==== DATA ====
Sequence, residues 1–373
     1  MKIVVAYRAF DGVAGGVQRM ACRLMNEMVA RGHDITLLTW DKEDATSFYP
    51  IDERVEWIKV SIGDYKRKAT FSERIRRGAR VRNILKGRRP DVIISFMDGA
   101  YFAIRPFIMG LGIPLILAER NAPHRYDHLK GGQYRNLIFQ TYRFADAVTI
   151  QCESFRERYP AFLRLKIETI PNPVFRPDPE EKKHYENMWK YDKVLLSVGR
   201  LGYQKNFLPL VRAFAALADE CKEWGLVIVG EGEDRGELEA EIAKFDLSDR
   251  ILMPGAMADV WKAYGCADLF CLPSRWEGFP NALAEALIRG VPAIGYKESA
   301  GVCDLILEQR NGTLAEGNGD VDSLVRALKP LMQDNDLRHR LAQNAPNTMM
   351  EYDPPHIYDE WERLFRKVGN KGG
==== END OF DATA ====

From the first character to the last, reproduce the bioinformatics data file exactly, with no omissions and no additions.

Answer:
Sequence, residues 1–373
     1  MKIVVAYRAF DGVAGGVQRM ACRLMNEMVA RGHDITLLTW DKEDATSFYP
    51  IDERVEWIKV SIGDYKRKAT FSERIRRGAR VRNILKGRRP DVIISFMDGA
   101  YFAIRPFIMG LGIPLILAER NAPHRYDHLK GGQYRNLIFQ TYRFADAVTI
   151  QCESFRERYP AFLRLKIETI PNPVFRPDPE EKKHYENMWK YDKVLLSVGR
   201  LGYQKNFLPL VRAFAALADE CKEWGLVIVG EGEDRGELEA EIAKFDLSDR
   251  ILMPGAMADV WKAYGCADLF CLPSRWEGFP NALAEALIRG VPAIGYKESA
   301  GVCDLILEQR NGTLAEGNGD VDSLVRALKP LMQDNDLRHR LAQNAPNTMM
   351  EYDPPHIYDE WERLFRKVGN KGG